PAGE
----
If you’re looking for some consequences from Google’s bold acquisition of leading mobile ad network company AdMob yesterday, consider Weather.com.
Weather.com, a subsidiary of the Weather Channel, has done well because of its focus. You want weather? It will give it to you, wherever you are. It has roughly 100 million viewers on TV, 40 million viewers on the web, and more than 10 million users on mobile devices.
Weather.com is the fourth most popular mobile destination in the U.S., only behind Facebook, Google, and Yahoo, according to the Weather Channel’s Cameron Clayton, vice president of mobile and international. As a purely “curated” content site, Weather ranks No.1, he said. Cameron spoke last night on a panel I moderated at MobileMonday in San Francisco.
But it turns out, Weather.com is actually dependent on Google and Yahoo for a significant amount of its traffic. If you type “weather” into Google, the search engine sends you to Weather.com. And on the mobile phone, with all kinds of people search for Weather while on the go, that traffic is huge. Compete shows that, on the web, 10 percent of Weather’s traffic comes from Google alone. In mobile, it might be more.
But here’s the rub: One notable ingredient of Weather.com’s success is its robust ad sales. It refused to deal with ad networks like Google’s. It has its own salespeople, something Cameron says has become “religion” within the company. By default, that religion makes Google an infidel. Weather also shuns AdMob to serve mobile ads for its mobile offering.
This is all fine as long as Weather.com is just another content provider. But it isn’t. Weather.com has such a huge reach among mobile users that its ad-sales operations are now directly competing against Google’s (especially since Google now also owns the largest mobile ad distributor, AdMob). Google has ignored the conflict for a while, because it hasn’t dealt as much in mobile ads. It has spent most of its time developing Android for mobile devices, and apparently the AdMob deal had been in the works for two years. But now Google is going full bore on mobile. With the rise of the smartphone market, Google knows there’s huge potential for growth: In fact, a 200 to 300 percent per year potential, if AdMob’s recent growth is anything to go on.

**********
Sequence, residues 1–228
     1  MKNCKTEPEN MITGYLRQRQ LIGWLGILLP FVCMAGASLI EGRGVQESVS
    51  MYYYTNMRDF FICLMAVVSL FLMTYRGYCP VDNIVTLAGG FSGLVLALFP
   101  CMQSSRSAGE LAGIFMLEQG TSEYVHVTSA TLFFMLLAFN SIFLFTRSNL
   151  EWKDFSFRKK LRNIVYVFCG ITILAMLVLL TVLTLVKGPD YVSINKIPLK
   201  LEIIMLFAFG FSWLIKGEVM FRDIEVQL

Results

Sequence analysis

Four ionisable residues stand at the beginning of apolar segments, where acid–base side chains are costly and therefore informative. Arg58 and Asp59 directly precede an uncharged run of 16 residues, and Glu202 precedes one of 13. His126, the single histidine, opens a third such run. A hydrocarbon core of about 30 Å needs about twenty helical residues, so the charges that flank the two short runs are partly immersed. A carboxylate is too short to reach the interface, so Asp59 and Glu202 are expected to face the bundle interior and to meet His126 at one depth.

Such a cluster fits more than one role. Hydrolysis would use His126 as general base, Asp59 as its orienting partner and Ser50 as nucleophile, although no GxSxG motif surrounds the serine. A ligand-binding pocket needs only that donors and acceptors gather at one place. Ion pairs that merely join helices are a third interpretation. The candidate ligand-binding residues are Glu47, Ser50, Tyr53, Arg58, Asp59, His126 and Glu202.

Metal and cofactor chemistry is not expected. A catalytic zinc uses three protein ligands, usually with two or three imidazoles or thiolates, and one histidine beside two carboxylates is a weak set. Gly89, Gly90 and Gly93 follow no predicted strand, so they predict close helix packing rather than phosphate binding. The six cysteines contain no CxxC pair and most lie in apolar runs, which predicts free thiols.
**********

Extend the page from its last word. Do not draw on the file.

I’m not suggesting Google will do anything drastic like cut off traffic to Weather.com in the short-term. Cameron tried to play down the threat last night, calling Google a “frenemy.” But Weather.com’s ad business certainly is the easiest target to attack among the big guys out there, if Google is really looking for a place to go. Why, Google may ask, is it sending Weather.com all that traffic? Why not send it to a source, perhaps homegrown, that serves Google/Admob ads? There are other weather sources after all, such as the National Weather Service or Accuweather. One reason Google may be ok with the arrangement is that Weather.com makes Google its default search engine on its own site.
But one thing’s for sure: Google isn’t afraid of steamrolling people in its way. As we saw last week, when it launched Google Navigator, the future of navigation companies Tom Tom and Garmin suddenly dimmed. Their stocks plunged in the wake of the announcement. Fortunately, at least, for Weather.com, its URL is easy to remember, and will stick for a while in people’s memories — perhaps the one thing preventing it from becoming instant roadkill. At the same time, it’s hard not to see stormy days on Weather.com’s horizon.
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